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Filed under: Sieben, Lauren | Tags: Ann Broderick, death and dying, hospice, Iowa City Hospice, palliative care, UIHC, University of Iowa Hospitals and Clinics
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Before she began guiding patients through their final stages of life, Ann Broderick followed a fascinating (and global) path to the University of Iowa Hospitals and Clinics.
By Lauren Sieben
Ann Broderick is a woman who loves her job, despite one aspect that troubles her: the recurring misunderstanding of her work as a palliative and hospice care provider.
“My job has never been to pull plugs, and it never will be to pull plugs,” Broderick said.
Broderick is an associate professor at the University of Iowa and the director of palliative care at the University of Iowa Hospitals and Clinics.
The World Health Organization defines palliative care as relief for the pain and symptoms of disease, but it is a treatment that “intends neither to hasten or postpone death.”
“We physicians assume that our role is to prevent death; my point is that our role is to prevent premature death,” Broderick said. “Our role isn’t to prevent this physiologic event from happening in every single person.”
A global upbringing
Broderick’s path to palliative care – and to Iowa – was far from linear. Between the time she was born in New Hampshire and the year she left for college at Princeton University, Broderick spent most of her childhood apart from her East-coast roots.
At age 7 she moved to Ghana during her father’s tenure in the Peace Corps. In Africa she developed an unusually keen understanding of international issues for a child.
When Broderick was 9 years old, the family returned stateside to Appleton, Wisconsin, moving every two years for her father’s job. The constant movement left Broderick feeling “a little bit like I was an army brat.”
During and after college, Broderick spent time teaching English in Bogotá, Colombia. She planned to become a K-12 Spanish teacher, but when she faced a dismal job market in the early 1980s, Broderick enrolled in math and science classes. She hoped to market herself as a bilingual teacher in a more specialized field.
”Lo and behold, I got an A in organic chemistry,” she said. “That was a quick moment where I thought ‘Maybe I can go to medical school.’ ”
Iowa City roots
When it came time to consider medical schools, Iowa was a natural first choice.
Broderick’s parents met in Iowa City – her mother’s hometown – and her grandfather was a former researcher and faculty member at the university medical school before he died in a traffic accident in the 1930s.
“It felt natural to come back to Iowa and pick up that legacy,” Broderick said. “It was a professional career that was at its peak and it was really quite a tragic death.”
Her interest in palliative care developed gradually, due in part to her volunteer work at Iowa City Hospice, and also to her father’s death. He was diagnosed with bone marrow cancer in Broderick’s fourth year as a medical student.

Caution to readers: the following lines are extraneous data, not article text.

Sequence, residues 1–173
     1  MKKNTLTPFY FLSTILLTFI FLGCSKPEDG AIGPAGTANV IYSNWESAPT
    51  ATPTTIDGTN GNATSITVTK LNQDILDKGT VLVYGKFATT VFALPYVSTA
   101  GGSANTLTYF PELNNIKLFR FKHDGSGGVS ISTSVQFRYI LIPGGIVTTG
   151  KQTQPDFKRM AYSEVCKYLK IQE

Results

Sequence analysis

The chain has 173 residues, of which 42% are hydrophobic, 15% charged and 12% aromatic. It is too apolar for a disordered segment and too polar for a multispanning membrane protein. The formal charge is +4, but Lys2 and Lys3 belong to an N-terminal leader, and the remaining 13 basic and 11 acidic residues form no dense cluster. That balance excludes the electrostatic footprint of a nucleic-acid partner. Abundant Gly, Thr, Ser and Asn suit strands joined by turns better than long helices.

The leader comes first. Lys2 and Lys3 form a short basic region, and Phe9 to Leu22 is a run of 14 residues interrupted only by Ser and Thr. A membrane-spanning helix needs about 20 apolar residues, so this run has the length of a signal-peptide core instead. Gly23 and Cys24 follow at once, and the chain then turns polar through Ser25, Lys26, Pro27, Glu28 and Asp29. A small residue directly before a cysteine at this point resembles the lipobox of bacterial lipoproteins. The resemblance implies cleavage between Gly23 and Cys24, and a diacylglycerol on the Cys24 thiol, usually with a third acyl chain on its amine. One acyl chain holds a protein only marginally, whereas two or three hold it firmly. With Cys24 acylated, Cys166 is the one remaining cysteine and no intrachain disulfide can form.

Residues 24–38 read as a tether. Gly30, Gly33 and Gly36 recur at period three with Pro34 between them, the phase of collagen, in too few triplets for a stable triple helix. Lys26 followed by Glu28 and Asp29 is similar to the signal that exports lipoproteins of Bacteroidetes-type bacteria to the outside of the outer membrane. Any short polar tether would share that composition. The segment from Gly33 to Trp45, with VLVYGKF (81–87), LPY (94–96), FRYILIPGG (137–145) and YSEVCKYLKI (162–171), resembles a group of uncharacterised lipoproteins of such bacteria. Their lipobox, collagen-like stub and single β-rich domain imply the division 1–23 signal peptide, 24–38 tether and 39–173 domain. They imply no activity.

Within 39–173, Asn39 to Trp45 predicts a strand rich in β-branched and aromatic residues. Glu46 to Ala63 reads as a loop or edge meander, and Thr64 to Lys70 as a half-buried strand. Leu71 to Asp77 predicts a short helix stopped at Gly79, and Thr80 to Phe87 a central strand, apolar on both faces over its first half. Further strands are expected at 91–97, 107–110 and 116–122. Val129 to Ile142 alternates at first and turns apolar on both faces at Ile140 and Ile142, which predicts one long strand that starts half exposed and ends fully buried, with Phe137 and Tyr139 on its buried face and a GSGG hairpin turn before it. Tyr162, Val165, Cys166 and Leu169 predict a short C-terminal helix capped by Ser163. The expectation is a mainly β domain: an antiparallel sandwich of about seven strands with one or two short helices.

“For my father, dying at the age of 69 was desperately premature,” she said. “He still took great pleasure in reading the newspaper and staying up to date with politics and watching the world unfold, as well as watching his family unfold.”
In his 60s, Broderick’s father had also recently graduated from law school. At that stage in life he was unprepared to face death, and he died without receiving hospice services.
“Did that prompt me to do this? Probably,” Broderick said. “Probably the sense that there was an unmet need for my father.
“[My mother], I think, had a sense of shame about her impatience with him, because his care was so exhausting. In retrospect I wish she could have been there as his loving wife, which she was, and not as the person doing personal cares.”
Hospice: “Not doom and gloom”
Hospice is a support network for patients and their families: nurses, spiritual chaplains and social workers work together to address physical symptoms of disease along with spiritual and psychological effects of grief.
Though her father wasn’t able to receive hospice care, Broderick has been able to guide numerous other families through the process.
In 2001, she became the director of the Palliative Care Program at the University of Iowa Hospitals and Clinics.
Along with teaching medical students and residents, Broderick also co-teaches an undergraduate course in the rhetoric department with lecturer Patrick Dolan. The course combines a volunteer commitment at Iowa City Hospice with an in-class reading-and-writing component.
Glen Cox has known Broderick since around 2000, when he began driving his parents to their medical appointments. His father died in 2005, and his mother, at 84, continues to face a multitude of ailments.
“Dr. Broderick was spot on as far as what she wanted to see happen to my parents,” Cox said. “She always took into consideration what their wishes were. She didn’t want to prescribe treatments or medications that would put them through an ordeal they didn’t really need to go through.”
And for Broderick, the patient’s wishes are the core of palliative care. Hospice centers are legally barred from recruiting patients – anyone who receives palliative care seeks it voluntarily.
“We shouldn’t mystify death by saying everybody needs to have time in an [Intensive Care Unit] or have a hospitalized component to their death,” Broderick said. “They might elect not to. And some do … When we arrive we’re not doom and gloom; we’re helping people make decisions.”